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Brain Res. 2004 Aug 6;1016(2):255-62.

Music improves dopaminergic neurotransmission: demonstration based on the effect of music on blood pressure regulation.

Author information

1
Institute of Medical Science, University of Tsukuba, Tsukuba, Ibaraki 305-8575, Japan. dsutoo@md.tsukuba.ac.jp

Abstract

The mechanism by which music modifies brain function is not clear. Clinical findings indicate that music reduces blood pressure in various patients. We investigated the effect of music on blood pressure in spontaneously hypertensive rats (SHR). Previous studies indicated that calcium increases brain dopamine (DA) synthesis through a calmodulin (CaM)-dependent system. Increased DA levels reduce blood pressure in SHR. In this study, we examined the effects of music on this pathway. Systolic blood pressure in SHR was reduced by exposure to Mozart's music (K.205), and the effect vanished when this pathway was inhibited. Exposure to music also significantly increased serum calcium levels and neostriatal DA levels. These results suggest that music leads to increased calcium/CaM-dependent DA synthesis in the brain, thus causing a reduction in blood pressure. Music might regulate and/or affect various brain functions through dopaminergic neurotransmission, and might therefore be effective for rectification of symptoms in various diseases that involve DA dysfunction.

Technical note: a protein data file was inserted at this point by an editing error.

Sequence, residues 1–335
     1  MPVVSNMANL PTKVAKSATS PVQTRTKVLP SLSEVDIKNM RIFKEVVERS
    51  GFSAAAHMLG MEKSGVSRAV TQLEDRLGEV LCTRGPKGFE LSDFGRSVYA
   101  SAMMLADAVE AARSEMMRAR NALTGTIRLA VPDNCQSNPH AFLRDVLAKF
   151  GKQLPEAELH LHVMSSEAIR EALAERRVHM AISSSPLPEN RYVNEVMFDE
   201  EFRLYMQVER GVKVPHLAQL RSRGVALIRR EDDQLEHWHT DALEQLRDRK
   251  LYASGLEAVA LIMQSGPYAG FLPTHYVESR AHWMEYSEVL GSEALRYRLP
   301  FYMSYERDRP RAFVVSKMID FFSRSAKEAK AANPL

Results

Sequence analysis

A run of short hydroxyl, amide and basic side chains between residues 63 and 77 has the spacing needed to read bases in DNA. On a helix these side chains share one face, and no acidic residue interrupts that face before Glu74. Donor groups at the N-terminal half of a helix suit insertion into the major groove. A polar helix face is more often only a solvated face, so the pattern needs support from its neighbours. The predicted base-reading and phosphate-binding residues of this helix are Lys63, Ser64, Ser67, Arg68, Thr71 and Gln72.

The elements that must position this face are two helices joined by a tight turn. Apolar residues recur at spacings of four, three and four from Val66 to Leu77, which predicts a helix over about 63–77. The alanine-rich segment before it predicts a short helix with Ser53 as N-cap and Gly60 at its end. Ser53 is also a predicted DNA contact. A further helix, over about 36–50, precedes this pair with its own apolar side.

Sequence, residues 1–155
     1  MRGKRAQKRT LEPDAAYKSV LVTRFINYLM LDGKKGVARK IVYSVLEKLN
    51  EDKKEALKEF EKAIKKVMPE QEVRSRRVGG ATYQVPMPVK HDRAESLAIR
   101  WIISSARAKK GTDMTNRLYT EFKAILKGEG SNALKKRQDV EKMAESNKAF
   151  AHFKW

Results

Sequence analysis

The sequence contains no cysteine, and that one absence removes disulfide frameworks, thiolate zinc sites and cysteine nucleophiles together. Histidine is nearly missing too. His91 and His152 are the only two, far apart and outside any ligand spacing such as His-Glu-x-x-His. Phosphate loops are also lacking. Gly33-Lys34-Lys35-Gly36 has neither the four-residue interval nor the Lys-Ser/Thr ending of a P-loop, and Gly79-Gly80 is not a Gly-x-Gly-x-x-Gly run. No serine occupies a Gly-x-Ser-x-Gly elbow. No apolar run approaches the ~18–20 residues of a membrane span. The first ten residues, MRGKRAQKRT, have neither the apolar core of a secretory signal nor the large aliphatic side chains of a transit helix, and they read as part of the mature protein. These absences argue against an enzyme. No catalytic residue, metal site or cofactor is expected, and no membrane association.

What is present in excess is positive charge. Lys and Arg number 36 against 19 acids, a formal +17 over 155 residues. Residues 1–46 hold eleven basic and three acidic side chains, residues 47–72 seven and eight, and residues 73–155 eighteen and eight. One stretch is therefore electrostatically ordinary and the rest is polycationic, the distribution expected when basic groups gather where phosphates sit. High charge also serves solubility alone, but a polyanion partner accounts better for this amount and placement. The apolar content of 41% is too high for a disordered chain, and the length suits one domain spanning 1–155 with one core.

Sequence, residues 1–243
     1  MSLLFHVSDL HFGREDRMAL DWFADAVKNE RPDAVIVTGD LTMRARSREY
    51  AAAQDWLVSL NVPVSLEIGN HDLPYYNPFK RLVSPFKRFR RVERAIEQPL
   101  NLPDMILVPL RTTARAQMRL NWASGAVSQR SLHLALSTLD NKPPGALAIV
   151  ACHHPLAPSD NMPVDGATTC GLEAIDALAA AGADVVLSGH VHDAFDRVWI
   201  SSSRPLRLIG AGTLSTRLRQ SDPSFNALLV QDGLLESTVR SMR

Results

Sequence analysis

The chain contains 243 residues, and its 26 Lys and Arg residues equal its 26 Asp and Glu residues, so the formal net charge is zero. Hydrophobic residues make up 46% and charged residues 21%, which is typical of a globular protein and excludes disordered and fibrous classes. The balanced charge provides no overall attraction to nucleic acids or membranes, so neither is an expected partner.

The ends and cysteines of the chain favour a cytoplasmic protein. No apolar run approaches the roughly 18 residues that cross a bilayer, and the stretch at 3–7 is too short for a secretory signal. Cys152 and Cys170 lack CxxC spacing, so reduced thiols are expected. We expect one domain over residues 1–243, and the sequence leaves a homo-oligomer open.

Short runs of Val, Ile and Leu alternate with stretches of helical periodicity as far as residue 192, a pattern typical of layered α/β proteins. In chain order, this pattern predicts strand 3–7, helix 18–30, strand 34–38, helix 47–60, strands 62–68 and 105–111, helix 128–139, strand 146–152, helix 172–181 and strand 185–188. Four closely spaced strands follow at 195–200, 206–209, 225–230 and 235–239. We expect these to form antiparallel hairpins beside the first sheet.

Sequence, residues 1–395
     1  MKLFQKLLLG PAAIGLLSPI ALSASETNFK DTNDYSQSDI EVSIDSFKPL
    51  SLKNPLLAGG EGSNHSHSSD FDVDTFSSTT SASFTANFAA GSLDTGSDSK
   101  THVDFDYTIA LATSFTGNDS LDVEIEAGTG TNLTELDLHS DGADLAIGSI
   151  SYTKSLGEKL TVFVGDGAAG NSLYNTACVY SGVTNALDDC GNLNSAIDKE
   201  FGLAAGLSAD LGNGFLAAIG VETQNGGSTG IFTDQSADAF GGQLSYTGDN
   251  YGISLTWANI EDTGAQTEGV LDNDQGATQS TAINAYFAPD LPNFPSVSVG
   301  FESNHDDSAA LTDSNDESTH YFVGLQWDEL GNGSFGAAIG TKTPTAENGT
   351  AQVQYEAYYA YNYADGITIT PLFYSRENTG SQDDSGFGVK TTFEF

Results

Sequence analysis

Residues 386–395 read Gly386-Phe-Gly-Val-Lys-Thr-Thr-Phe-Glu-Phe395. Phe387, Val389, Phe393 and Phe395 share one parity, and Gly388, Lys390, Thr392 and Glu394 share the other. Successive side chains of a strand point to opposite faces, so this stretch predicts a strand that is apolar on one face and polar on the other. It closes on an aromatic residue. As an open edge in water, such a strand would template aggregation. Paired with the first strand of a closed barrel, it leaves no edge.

PMID:
15246862
DOI:
10.1016/j.brainres.2004.05.018
[Indexed for MEDLINE]

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